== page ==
• Cognitive space focuses on concepts and objects that are not themselves necessarily spatial, but the nature of the space is defined by the particular problem. In the geospatial sciences, this is called the “mental map” that exists in the analyst’s mind.

The sensemaking process teaches us that machines automate processes that increase the efficiency in the human performance of sensemaking using the three geospatial frames, and, that at its most basic core component, the data, systems, and humans work in concert. As such, this requires an understanding of the synergy between the human cognitive thought processes involved and the technical systems used.

  • This article is part of USGIF’s 2018 State & Future of GEOINT Report. Download the PDF to view the report in its entirety and to read this article with citations. 


Cognitive research on intelligence analysis has highlighted that analysts engage in an iterative sensemaking process that involves considering the data available from different viewpoints and perspectives. Sensemaking is a human cognitive function that has been studied and is not to be confused with specific structured analytic techniques. Sensemaking has been defined as “… a motivated, continuous effort to understand connections (which can be among people, places, and events) in order to anticipate their trajectories and act effectively.” Moreover, Gary Klein, et al., posit a generic Data/Frame Theory of Sensemaking, which suggests analysts collect sufficient data to establish an initial frame (or mental map) for making sense of the data. The data used to create the frame are “the interpreted signals of events” and frames are “the explanatory structures that account for data.” This frame can be considered an organizing entity—a specific instance of a mental model of the elements and relationships under analysis.

We conducted a cognitive task analysis using an abbreviated, goal-directed task analysis methodology. The output of the cognitive task analysis is a goal hierarchy describing the analyst’s goals and subgoals as he or she seeks to understand the situation, which creates a framework for understanding the cognitive work of the geospatial analyst. GEOINT analysts may work with any branch of the department of defense, intelligence community, or law enforcement, for example. Though the problems they analyze may vary across domains, at some level of abstraction, the goals and decisions, and, of course, the analytic methods are common. We chose to focus on the commonalities across domains rather than the differences.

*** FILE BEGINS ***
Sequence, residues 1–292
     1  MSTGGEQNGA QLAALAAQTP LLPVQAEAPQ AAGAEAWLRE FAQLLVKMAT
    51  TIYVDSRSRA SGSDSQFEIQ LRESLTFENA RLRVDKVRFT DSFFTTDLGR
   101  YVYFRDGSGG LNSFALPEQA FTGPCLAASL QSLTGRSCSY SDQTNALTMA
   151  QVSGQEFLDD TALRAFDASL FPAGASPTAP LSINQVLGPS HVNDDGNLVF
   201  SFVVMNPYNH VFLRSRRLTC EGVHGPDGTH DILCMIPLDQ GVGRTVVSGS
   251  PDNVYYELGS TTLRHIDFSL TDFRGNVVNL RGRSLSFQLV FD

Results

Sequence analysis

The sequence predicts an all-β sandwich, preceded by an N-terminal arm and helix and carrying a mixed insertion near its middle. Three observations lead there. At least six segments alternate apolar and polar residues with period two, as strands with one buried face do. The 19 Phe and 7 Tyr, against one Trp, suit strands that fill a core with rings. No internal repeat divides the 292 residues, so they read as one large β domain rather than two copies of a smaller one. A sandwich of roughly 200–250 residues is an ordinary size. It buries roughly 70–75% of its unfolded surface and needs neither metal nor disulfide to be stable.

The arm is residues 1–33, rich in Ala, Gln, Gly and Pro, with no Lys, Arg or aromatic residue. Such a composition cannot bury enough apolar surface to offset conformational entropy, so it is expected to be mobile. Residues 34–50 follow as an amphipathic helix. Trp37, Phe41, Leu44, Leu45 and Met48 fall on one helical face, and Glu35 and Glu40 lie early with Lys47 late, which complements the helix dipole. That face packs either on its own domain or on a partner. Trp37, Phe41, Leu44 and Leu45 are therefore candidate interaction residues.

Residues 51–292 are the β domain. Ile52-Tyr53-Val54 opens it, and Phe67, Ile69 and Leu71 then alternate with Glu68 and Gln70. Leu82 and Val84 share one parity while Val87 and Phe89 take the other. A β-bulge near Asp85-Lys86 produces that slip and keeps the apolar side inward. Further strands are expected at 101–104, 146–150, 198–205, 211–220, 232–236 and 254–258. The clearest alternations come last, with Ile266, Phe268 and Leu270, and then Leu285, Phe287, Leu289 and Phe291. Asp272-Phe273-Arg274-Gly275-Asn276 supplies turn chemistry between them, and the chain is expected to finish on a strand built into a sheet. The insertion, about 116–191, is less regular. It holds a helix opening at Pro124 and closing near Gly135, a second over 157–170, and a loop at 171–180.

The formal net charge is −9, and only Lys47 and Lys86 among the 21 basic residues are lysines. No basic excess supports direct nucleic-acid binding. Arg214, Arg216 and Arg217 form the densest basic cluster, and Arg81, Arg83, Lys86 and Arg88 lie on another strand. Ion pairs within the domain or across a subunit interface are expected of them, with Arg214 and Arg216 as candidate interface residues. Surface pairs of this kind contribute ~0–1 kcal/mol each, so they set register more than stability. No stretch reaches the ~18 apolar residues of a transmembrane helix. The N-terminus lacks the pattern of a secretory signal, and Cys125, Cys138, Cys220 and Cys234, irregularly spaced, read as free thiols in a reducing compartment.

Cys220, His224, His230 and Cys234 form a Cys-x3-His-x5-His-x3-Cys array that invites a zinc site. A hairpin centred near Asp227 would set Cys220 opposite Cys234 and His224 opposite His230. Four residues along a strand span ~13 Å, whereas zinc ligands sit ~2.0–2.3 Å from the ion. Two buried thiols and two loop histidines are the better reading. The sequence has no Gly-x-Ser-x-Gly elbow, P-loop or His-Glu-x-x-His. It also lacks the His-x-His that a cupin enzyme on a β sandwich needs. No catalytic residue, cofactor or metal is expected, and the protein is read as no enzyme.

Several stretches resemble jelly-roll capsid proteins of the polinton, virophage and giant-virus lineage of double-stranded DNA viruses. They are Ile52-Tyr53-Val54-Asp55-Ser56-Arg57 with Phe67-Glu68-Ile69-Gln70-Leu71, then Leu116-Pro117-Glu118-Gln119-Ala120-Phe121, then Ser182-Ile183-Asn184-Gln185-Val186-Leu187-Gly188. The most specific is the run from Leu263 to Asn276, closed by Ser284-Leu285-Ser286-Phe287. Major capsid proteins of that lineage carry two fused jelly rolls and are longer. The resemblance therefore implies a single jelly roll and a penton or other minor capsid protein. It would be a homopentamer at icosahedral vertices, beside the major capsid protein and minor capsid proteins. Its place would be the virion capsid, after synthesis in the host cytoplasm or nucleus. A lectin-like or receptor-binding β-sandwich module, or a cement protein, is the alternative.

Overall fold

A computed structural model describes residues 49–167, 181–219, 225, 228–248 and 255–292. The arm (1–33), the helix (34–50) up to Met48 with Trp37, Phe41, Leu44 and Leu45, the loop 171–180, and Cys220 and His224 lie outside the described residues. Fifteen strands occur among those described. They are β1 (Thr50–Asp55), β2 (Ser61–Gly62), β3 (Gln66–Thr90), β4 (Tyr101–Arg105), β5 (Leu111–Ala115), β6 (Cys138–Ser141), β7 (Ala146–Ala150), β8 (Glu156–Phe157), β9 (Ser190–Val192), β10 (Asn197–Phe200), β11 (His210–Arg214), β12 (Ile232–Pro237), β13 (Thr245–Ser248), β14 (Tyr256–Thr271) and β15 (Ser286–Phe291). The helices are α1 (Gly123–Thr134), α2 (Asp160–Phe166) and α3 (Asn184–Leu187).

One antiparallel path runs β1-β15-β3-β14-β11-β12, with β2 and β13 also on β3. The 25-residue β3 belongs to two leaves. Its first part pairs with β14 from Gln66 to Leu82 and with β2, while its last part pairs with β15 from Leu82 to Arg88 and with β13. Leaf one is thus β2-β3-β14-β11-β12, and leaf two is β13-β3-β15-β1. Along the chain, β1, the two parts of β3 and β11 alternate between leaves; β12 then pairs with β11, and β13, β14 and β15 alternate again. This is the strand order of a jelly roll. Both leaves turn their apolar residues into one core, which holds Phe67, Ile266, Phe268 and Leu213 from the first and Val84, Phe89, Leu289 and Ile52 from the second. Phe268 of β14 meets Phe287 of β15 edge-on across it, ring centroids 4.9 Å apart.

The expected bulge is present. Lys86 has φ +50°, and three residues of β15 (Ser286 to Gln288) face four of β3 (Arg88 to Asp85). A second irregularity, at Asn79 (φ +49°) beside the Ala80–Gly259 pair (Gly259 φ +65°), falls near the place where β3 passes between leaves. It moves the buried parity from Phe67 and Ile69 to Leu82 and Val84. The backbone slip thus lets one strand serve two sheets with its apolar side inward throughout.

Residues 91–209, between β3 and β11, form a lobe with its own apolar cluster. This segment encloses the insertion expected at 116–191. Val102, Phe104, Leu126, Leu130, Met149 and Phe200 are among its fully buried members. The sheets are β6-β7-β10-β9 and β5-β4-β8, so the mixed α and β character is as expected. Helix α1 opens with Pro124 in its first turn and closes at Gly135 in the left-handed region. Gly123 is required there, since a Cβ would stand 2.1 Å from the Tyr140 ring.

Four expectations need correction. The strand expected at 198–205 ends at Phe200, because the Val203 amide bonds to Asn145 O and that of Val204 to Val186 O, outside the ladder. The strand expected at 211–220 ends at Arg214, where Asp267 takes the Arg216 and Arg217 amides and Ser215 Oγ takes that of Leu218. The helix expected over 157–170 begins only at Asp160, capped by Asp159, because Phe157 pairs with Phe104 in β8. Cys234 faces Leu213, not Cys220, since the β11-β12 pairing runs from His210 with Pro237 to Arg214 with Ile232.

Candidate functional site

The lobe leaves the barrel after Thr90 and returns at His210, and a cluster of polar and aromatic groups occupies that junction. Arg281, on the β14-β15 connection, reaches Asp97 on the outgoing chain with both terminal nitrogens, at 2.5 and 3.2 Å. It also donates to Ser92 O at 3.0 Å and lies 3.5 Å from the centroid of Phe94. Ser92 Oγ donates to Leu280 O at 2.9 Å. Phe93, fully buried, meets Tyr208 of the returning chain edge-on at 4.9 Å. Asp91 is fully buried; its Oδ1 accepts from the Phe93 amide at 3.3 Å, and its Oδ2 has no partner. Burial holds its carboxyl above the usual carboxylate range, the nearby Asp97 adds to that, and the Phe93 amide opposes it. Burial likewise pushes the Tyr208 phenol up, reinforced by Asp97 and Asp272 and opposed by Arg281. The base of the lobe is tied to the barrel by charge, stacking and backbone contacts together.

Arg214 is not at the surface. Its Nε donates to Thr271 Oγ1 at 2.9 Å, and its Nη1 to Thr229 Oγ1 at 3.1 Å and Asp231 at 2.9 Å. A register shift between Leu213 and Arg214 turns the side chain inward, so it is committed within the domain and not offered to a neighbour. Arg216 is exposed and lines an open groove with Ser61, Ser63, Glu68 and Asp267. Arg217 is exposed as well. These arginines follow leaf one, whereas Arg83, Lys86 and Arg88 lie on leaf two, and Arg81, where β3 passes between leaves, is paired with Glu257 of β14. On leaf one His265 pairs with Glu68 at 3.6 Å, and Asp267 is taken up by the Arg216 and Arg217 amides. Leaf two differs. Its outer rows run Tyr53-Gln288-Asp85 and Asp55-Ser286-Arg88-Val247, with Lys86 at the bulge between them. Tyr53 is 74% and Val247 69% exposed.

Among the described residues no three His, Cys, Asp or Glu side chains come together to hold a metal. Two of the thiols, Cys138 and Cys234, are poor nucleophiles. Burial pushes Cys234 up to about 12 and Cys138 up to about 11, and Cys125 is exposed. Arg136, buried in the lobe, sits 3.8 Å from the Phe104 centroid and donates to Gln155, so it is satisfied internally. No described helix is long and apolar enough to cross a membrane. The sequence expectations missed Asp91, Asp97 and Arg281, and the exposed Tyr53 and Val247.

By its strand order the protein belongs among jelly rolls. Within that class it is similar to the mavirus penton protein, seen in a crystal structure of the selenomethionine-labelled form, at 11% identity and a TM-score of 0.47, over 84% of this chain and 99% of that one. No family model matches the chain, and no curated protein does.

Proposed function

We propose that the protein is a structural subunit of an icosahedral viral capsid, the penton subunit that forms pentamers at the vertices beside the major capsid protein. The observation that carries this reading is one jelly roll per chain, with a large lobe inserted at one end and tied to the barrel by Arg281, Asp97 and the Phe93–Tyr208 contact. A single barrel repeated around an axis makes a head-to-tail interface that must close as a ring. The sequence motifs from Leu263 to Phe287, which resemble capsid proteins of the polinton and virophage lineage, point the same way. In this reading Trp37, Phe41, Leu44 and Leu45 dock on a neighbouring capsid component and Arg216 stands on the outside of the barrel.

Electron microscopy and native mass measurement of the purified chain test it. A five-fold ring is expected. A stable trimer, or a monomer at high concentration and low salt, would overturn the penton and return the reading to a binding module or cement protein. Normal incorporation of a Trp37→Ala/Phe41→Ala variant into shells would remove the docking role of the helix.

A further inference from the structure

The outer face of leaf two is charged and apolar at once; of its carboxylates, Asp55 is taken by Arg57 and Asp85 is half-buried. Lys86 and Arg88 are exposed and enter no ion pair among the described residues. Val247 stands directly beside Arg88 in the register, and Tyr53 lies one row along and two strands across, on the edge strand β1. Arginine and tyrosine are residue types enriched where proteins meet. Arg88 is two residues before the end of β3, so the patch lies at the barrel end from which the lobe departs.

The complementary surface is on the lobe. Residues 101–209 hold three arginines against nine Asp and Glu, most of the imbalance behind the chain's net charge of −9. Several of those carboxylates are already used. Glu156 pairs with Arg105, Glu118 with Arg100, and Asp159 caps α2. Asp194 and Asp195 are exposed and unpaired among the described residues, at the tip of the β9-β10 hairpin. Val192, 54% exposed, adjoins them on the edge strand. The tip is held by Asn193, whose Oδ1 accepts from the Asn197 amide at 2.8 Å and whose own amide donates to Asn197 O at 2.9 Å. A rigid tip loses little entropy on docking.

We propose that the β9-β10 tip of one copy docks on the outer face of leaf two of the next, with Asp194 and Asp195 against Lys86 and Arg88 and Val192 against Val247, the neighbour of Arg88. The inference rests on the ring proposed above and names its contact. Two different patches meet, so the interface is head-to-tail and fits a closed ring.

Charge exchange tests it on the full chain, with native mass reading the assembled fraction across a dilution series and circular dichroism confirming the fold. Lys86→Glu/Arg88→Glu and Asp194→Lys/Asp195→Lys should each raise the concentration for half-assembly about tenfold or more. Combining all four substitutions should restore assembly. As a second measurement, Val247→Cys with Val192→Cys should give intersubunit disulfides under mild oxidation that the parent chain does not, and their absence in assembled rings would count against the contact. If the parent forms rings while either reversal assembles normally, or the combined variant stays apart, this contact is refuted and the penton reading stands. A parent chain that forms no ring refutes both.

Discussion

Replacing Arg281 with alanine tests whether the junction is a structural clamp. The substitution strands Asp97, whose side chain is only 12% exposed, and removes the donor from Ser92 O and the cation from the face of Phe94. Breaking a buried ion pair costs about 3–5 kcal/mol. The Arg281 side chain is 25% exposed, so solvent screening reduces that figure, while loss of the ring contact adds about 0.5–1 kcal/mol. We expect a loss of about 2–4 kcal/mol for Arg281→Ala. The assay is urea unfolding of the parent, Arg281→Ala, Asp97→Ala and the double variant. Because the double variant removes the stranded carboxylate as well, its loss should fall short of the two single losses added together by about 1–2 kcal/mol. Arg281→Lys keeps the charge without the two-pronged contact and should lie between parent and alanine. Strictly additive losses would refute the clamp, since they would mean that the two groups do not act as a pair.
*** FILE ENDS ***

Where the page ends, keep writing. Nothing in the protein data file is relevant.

The “Why” of GEOINT

Research conducted during the summer/fall 2017 for the preparation of a book chapter on human factors indicated the overall goal for a GEOINT analyst is to use geospatial analysis methods to “find truth” in response to requests for information. The goal of finding truth is not always achievable, particularly in any area of intelligence analysis, where there is often an opponent seeking to hide that truth from view. Finding truth is still the high-level goal, despite the difficulty in attainment. At its core, finding truth is the goal of all sensemaking, though the professional domain operational reality may be that getting close enough to truth to defeat the opponent is sufficient. Sensemaking is the cognitive process of iteratively fitting data to a frame, and fitting a frame to the data. The data-frame model of sensemaking provides a working description of how the geospatial analyst performs at the most rudimentary level. The model describes how people construct and revise internal mental structures when they make sense of events, and the goal of this sensemaking process is to find truth by selecting the right frame to interpret the data.